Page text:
Once you’ve covered the basics with the suits in your wardrobe—navy, grey, and black—it’s time to start thinking about branching out and supplementing your collection. I’ve written before about the possibility of a brown suit or plaid suit as options for your first “next level” garment. But now that it has become downright cold outside, I thought it would be the perfect time to talk about another great option—a tweed suit.
There are many advantages to adding a tweed suit to your collection. First of all, tweed is a seasonal fabric. Though it is less versatile than a four-season fabric—as in, you won’t want to be wearing tweed trousers in the summer—you can absolutely maximize it’s potential throughout the fall and into the winter by wearing the jacket separate and pants separate. Then when winter hits its stride, break out the full two piece—or three piece. More on that soon.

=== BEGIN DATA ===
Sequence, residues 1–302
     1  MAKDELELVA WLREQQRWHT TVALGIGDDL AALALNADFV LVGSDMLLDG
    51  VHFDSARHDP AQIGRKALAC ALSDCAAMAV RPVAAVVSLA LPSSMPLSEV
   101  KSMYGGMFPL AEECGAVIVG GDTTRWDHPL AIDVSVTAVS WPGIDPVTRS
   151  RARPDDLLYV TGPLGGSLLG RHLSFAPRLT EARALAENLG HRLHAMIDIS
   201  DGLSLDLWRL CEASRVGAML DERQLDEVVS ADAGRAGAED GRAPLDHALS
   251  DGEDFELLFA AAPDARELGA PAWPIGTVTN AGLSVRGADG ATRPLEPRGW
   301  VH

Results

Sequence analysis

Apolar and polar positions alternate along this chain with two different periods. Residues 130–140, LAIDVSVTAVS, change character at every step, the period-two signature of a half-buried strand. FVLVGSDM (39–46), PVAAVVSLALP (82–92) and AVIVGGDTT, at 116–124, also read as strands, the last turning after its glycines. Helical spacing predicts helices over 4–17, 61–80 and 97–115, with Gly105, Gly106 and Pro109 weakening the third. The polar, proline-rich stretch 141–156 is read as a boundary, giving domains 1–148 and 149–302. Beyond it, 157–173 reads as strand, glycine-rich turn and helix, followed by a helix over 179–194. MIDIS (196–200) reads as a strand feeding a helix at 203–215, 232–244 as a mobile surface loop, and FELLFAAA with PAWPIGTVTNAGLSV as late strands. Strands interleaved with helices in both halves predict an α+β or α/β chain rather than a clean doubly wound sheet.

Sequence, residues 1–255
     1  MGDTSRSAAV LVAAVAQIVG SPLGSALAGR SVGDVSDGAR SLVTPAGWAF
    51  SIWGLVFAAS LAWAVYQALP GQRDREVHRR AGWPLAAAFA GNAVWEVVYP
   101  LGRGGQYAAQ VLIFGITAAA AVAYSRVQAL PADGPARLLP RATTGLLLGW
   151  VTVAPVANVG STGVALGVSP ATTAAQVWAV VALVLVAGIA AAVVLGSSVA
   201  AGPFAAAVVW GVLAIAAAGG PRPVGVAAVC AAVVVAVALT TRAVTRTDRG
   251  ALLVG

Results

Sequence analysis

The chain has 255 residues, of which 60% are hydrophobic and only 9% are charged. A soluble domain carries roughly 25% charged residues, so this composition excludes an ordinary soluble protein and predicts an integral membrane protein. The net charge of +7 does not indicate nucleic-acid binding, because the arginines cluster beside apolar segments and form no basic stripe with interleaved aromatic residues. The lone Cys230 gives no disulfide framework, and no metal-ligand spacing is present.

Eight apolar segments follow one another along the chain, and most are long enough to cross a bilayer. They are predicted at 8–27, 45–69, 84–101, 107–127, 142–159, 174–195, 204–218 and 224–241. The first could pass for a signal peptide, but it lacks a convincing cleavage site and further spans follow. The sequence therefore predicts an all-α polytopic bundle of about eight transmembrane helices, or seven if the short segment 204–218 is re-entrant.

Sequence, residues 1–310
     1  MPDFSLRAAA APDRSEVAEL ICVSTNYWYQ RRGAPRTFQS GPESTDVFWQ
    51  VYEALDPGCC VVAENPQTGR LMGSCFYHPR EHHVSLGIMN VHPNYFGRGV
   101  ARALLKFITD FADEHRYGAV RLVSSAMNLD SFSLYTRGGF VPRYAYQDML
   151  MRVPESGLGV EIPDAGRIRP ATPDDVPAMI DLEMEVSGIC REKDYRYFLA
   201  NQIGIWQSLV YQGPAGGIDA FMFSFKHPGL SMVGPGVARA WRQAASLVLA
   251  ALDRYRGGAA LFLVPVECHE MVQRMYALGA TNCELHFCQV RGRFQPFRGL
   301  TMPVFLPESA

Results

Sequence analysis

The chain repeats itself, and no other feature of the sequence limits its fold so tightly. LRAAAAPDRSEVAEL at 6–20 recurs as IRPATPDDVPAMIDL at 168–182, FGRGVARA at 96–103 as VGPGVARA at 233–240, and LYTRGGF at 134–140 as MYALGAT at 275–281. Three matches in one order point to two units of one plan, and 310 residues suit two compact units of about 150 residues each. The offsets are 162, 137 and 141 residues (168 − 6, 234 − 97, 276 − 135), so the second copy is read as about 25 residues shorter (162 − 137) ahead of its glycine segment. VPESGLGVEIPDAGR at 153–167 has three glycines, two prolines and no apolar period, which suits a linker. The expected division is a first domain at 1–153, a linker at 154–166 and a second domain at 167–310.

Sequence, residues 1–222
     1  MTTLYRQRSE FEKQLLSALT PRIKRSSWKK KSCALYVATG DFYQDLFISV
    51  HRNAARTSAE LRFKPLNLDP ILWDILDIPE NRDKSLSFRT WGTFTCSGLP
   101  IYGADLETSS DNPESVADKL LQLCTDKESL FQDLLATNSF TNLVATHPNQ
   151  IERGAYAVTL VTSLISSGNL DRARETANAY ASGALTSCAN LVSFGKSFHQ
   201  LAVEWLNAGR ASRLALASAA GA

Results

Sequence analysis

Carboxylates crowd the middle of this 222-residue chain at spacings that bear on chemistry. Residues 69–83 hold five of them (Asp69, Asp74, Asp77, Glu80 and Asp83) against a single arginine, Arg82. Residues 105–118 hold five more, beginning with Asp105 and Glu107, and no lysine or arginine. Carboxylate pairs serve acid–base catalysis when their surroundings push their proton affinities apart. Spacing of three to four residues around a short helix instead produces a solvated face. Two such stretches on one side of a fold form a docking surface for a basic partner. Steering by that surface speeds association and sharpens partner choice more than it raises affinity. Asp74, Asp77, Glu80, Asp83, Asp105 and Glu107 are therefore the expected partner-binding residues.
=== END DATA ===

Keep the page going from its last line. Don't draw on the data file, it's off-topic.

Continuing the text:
But perhaps more than anything, it’s always nice to retire some of your clothing as the seasons change and introduce new pieces into the mix. A tweed suit fits that bill perfectly. It is always a little special when I pull it out for the first time.
Though tweed was originally worn by hunters—one of the earliest forms of camouflage—it has come to be widely associated with collegiate, or perhaps more accurately, professorial style. I definitely developed an affinity for tweed during my college and graduate school years and lusted after a tweed blazer with elbow patches for nearly a decade.
A tweed suit has a lot of texture. When you’re styling it with a tie, be sure to choose one with a fabric that complements the tweed. A wool plaid tie is a great choice. And always remember as a rule of thumb that, unless it’s white, your pocket square should never match your tie or shirt exactly.